Studies of strata, the layering of rocks and earth, gave naturalists an appreciation that Earth may have been through many changes during its existence.These layers often contained fossilized remains of unknown creatures, leading some to interpret a progression of organisms from layer to layer.material and is consistent with the radiometric ages of the oldest-known terrestrial and lunar samples.
A method for determining the age of an object based on the concentration of a particular radioactive isotope contained within it.
The amount of the isotope in the object is compared to the amount of the isotope's decay products.
giving an age for the Solar System and an upper limit for the age of Earth.
It is hypothesised that the accretion of Earth began soon after the formation of the calcium-aluminium-rich inclusions and the meteorites.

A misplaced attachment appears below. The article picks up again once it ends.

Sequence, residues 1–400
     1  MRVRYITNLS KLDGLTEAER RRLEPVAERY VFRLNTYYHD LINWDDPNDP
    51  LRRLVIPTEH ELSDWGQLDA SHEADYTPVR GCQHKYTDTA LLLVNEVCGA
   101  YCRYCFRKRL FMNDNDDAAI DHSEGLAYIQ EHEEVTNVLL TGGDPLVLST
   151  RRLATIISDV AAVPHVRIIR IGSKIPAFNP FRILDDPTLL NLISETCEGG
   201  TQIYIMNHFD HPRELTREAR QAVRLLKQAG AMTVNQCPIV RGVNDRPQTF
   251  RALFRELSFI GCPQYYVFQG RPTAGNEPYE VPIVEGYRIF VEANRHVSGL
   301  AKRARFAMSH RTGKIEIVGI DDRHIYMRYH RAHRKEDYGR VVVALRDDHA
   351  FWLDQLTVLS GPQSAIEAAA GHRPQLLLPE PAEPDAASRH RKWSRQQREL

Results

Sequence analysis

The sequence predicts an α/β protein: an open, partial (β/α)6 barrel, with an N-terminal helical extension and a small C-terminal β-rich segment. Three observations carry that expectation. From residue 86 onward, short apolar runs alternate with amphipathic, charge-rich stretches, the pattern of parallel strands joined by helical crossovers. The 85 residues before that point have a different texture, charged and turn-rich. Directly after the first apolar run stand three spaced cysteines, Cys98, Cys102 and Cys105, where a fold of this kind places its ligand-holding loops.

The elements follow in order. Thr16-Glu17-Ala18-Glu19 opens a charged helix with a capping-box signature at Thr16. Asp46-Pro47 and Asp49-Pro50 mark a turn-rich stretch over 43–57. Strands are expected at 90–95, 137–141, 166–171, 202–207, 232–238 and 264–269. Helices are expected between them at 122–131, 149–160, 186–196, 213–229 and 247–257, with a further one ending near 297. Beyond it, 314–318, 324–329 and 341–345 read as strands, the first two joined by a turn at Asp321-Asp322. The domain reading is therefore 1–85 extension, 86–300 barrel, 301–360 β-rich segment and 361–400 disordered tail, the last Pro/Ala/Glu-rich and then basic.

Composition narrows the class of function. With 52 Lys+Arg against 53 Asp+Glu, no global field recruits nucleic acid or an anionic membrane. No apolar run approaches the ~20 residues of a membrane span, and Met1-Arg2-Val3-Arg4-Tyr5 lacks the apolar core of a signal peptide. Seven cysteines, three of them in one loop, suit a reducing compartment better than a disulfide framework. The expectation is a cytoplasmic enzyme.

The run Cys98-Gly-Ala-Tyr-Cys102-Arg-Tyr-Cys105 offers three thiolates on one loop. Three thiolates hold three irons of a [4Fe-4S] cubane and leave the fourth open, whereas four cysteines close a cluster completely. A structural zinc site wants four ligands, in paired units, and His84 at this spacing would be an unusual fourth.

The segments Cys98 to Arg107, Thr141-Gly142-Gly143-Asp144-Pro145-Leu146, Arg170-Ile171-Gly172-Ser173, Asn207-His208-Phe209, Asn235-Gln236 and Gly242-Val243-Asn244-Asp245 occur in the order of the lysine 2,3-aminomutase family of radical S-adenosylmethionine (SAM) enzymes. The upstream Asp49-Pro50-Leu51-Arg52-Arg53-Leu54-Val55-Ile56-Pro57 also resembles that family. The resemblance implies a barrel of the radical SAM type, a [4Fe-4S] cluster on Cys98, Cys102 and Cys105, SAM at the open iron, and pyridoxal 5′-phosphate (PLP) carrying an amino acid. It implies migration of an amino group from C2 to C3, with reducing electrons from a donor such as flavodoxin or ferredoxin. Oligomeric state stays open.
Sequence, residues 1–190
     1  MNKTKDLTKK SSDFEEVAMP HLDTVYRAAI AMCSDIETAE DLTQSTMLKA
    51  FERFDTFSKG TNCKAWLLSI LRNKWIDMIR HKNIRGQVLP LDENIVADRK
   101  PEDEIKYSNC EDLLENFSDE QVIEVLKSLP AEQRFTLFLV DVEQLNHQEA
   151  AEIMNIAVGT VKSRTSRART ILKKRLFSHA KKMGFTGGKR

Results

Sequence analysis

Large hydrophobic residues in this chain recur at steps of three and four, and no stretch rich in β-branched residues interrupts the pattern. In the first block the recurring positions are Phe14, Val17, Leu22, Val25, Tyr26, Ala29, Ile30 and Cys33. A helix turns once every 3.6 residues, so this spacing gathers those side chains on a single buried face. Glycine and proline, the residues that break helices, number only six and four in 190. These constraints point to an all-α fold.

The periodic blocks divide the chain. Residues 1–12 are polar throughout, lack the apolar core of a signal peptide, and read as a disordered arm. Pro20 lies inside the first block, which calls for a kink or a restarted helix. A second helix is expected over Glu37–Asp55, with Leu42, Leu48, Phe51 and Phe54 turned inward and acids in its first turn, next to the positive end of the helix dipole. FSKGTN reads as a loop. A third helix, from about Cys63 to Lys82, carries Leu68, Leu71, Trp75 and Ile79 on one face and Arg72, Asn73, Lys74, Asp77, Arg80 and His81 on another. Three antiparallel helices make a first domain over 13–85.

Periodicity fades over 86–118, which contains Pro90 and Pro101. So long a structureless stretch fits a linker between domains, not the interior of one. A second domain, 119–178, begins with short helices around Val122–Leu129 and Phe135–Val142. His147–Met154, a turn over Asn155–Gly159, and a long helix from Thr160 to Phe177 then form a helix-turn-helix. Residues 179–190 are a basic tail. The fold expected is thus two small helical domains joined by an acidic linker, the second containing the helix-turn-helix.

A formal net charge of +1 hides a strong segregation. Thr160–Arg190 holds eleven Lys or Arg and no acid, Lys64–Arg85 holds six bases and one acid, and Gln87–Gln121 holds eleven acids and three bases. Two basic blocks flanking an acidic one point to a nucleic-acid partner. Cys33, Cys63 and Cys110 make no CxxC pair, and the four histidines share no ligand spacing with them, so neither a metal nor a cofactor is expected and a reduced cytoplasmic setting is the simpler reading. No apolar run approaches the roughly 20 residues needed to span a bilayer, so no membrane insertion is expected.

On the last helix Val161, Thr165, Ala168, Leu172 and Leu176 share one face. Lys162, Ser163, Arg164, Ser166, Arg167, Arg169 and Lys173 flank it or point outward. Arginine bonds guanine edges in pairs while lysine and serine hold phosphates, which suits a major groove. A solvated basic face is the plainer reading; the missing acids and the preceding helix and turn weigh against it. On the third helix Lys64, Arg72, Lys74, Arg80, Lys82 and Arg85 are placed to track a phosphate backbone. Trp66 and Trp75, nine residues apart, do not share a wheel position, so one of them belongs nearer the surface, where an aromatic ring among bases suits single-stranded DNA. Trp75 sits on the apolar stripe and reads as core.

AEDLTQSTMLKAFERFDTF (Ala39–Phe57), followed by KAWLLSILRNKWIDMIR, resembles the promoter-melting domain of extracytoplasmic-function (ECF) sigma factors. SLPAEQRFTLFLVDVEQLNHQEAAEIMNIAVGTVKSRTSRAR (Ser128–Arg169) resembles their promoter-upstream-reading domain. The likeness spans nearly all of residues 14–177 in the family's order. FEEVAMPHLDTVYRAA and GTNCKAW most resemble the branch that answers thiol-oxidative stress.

For inorganic matter and for older materials, isotopes of other elements, such as potassium, uranium, and strontium, are used.
Mikhail Marov of the Vernadsky Institute of Geochemistry and Analytical Chemistry said scientists had determined the meteorite's age by observing the amount of radioactive isotopes and their decay byproducts, a technique called of a granodiorite at the Cuttaburra A prospect indicates that this mineralised system may be Middle Silurian in age and thus indicating that the host rocks are older than those hosting the Cobar-type deposits.
It has become increasingly clear that these radiometric dating techniques agree with each other and as a whole, present a coherent picture in which the Earth was created a very long time ago.
Further evidence comes from the complete agreement between radiometric dates and other dating methods such as counting tree rings or glacier ice core layers.
Because the exact amount of time this accretion process took is not yet known, and the predictions from different accretion models range from a few million up to about 100 million years, the exact age of Earth is difficult to determine.